GLOBAL CREDIT RATINGS
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Context: Global credit ratings agency Fitch has downgraded the credit rating for the United States to AA+ from AAA, its highest possible rating. This is the second time that the US has lost its AAA rating after Standard & Poor's did so in 2011. Fitch cited fiscal deterioration, repeated debt ceiling standoffs and erosion of confidence in fiscal management as the reasons for the downgrade.
What is the background of this downgrade?
- The US government has been facing a debt ceiling crisis since May when it reached its legal borrowing limit of $31.4 trillion. The debt ceiling is a statutory limit on how much the federal government can borrow to finance its spending. If the debt ceiling is not raised or suspended, the government risks defaulting on its obligations, which could trigger a financial crisis and damage the global economy.
- The US Congress and President reached a bipartisan agreement in June to suspend the debt ceiling until January 2025, averting a default. However, Fitch said that this agreement was not enough to restore confidence in the US fiscal management, as it did not address the underlying fiscal challenges and political polarization that have led to repeated debt ceiling crises.
How will this impact India and other markets?
- Higher borrowing costs: A lower credit rating means that investors may demand higher interest rates to lend to the US government, which could increase its borrowing costs and widen its fiscal deficit. This could also affect other countries that borrow in US dollars or have their currencies pegged to the dollar, as they may face higher financing costs and exchange rate pressures.
- Lower confidence: A lower credit rating could also undermine confidence in the US economy and its role as a global leader and reserve currency issuer. This could reduce foreign investment and trade flows to the US and affect its growth prospects. This could also have spillover effects on other countries that depend on the US market or have strong economic ties with it, such as India.
- Higher volatility: A lower credit rating could also increase volatility in global financial markets, as investors may seek safer assets or diversify their portfolios away from US assets. This could create fluctuations in stock prices, bond yields, currency rates and commodity prices, affecting the stability and performance of various markets.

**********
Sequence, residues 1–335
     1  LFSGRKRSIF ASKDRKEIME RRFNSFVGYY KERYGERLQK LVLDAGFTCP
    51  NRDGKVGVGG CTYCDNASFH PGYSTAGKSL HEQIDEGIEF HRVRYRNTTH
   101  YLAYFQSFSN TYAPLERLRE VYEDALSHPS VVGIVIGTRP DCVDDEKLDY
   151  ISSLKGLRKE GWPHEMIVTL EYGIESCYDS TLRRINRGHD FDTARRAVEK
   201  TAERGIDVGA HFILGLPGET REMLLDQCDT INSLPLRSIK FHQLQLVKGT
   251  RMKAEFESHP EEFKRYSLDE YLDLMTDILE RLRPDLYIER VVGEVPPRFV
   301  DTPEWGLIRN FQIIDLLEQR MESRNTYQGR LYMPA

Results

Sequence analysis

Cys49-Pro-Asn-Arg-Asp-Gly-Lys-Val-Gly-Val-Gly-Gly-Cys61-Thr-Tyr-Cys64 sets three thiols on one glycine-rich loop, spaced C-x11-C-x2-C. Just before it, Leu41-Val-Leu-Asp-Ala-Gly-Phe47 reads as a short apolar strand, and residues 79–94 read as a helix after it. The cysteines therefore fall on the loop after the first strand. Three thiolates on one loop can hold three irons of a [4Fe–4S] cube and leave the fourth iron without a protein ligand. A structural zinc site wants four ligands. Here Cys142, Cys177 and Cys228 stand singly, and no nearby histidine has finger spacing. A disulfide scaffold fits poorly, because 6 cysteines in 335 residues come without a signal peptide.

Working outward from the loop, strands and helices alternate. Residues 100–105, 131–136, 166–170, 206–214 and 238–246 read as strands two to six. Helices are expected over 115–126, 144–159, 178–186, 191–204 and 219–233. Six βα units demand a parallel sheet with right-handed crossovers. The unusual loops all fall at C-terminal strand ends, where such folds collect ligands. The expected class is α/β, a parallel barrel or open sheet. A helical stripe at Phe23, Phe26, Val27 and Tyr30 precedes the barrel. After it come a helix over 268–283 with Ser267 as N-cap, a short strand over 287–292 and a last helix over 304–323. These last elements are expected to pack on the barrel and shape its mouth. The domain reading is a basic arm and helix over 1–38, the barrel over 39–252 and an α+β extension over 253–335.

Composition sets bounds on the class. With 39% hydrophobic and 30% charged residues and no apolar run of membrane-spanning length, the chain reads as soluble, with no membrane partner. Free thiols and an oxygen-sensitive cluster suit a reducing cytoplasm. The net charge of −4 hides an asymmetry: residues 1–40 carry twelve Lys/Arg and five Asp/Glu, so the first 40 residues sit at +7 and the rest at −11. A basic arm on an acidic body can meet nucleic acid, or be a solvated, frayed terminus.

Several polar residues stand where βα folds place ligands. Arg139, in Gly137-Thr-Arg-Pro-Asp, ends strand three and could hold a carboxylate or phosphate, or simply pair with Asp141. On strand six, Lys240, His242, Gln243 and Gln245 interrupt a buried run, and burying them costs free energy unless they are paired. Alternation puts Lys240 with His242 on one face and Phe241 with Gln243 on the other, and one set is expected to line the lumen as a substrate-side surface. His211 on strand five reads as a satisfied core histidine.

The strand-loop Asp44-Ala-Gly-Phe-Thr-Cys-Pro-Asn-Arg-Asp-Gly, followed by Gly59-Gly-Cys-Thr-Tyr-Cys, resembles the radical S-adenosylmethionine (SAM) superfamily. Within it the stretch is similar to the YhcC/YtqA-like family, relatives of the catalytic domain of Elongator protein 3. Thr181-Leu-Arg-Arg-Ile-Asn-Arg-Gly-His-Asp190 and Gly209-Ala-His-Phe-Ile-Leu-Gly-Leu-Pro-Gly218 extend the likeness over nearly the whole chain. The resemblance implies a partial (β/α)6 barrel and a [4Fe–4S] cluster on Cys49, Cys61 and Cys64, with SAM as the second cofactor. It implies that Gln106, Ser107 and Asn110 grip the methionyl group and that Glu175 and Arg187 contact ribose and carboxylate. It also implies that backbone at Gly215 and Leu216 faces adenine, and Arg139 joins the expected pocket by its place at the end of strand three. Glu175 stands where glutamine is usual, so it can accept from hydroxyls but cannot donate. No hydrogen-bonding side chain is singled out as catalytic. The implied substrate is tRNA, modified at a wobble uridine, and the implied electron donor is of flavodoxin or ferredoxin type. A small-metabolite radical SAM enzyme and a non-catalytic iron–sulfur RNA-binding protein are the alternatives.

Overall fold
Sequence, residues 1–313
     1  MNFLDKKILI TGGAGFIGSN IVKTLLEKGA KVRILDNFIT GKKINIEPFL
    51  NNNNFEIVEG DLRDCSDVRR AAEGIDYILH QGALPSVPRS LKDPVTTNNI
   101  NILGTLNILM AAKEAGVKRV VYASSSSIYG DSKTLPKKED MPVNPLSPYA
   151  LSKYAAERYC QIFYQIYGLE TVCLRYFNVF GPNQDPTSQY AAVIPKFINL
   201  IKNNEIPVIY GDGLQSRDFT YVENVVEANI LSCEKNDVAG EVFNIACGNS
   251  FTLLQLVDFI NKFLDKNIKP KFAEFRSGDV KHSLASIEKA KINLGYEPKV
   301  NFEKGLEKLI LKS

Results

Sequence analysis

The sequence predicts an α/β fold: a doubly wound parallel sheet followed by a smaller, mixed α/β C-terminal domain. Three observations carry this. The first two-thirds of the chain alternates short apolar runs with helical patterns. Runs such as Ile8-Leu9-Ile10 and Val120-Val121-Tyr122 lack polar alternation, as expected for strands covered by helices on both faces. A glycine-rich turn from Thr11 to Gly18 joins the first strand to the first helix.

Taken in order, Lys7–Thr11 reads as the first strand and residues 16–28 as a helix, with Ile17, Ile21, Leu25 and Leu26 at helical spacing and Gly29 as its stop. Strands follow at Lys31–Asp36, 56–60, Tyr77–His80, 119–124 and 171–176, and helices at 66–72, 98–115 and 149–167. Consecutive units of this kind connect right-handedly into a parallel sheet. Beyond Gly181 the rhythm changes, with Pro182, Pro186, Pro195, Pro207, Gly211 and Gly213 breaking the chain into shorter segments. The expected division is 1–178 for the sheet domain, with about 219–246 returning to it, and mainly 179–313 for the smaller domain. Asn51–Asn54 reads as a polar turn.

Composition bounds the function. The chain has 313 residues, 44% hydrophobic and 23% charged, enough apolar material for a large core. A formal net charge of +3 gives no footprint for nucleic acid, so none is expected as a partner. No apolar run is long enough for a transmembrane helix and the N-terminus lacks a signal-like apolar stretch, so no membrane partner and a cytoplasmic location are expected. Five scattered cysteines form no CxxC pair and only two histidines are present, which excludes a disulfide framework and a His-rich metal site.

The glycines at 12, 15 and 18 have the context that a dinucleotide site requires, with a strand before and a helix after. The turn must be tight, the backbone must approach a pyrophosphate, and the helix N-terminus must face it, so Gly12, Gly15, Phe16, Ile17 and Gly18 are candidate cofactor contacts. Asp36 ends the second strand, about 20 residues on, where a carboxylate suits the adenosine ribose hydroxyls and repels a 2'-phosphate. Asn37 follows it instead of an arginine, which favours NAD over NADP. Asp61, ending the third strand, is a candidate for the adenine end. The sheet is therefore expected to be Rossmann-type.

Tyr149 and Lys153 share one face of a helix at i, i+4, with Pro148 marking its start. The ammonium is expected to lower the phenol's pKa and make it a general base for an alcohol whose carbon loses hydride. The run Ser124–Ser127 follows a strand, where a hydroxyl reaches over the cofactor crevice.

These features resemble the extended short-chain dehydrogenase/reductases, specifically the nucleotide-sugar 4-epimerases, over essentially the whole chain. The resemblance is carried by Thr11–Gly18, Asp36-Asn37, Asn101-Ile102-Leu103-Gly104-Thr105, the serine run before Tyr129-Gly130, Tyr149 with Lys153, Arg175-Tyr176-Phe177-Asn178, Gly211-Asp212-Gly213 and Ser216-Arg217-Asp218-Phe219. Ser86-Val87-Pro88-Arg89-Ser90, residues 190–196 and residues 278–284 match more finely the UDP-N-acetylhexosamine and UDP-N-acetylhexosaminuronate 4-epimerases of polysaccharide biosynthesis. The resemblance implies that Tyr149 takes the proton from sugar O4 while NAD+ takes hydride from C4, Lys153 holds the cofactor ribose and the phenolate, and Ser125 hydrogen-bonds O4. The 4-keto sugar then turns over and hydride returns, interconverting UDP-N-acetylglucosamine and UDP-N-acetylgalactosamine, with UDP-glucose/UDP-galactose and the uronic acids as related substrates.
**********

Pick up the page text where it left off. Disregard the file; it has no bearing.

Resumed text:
What steps has India can take to mitigate the impact?
- Building foreign exchange reserves, which provide a buffer against external shocks and exchange rate volatility. India's reserves cover more than 18 months of imports and are equivalent to 118% of its external debt.
- India has to strengthen its macroeconomic fundamentals by reducing its fiscal deficit, current account deficit, inflation and public debt ratios.
- India has implemented various measures to enhance its economic recovery from the Covid-19 pandemic, such as providing fiscal stimulus, monetary easing, liquidity support, structural reforms and a vaccination drive.
What are the challenges and way forward for India?
Managing capital flows
- India needs to manage capital flows carefully, as it may face both inflows and outflows depending on global risk appetite and domestic factors. Inflows may increase if investors seek higher returns in emerging markets like India, while outflows may increase if investors seek safer assets or reduce their exposure to US assets. India needs to balance the benefits and costs of capital flows, such as growth, inflation, exchange rate and financial stability.
Diversifying trade and investment partners
- India needs to diversify its trade and investment partners, as it may face lower demand and competition from the US market. India also needs to explore new opportunities in other markets, such as the European Union, the United Kingdom, Japan, Australia and the Association of Southeast Asian Nations (ASEAN).
- India needs to enhance its trade and investment agreements, such as the Regional Comprehensive Economic Partnership (RCEP), the Comprehensive Economic Cooperation Agreement (CECA) and the Comprehensive and Progressive Agreement for Trans-Pacific Partnership (CPTPP).
Pursuing fiscal consolidation
- India needs to pursue fiscal consolidation, as it may face higher borrowing costs and lower confidence due to the US credit rating downgrade. India needs to reduce its fiscal deficit and public debt ratios while maintaining adequate spending on health, education, infrastructure and social protection. India needs to improve its revenue mobilization, expenditure efficiency and fiscal transparency.
- The US credit rating downgrade is a significant event that could have far-reaching consequences for the global economy and financial markets. India has taken several steps to mitigate the impact of the downgrade, but it also faces several challenges and opportunities in the future. India needs to adopt a prudent and proactive approach to deal with the changing global scenario and enhance its resilience and growth potential.
Sovereign Ratings: https://www.iasgyan.in/daily-current-affairs/sovereign-ratings
US FED RATE HIKE: https://www.iasgyan.in/daily-current-affairs/us-fed-rate-hike-46
Q. How can India safeguard its economy against potential international economic shocks? What are the potential impacts of such shocks, and what challenges might arise in the economy? Furthermore, what strategies or measures can be implemented to pave the way forward and enhance India's resilience in the face of global economic uncertainties?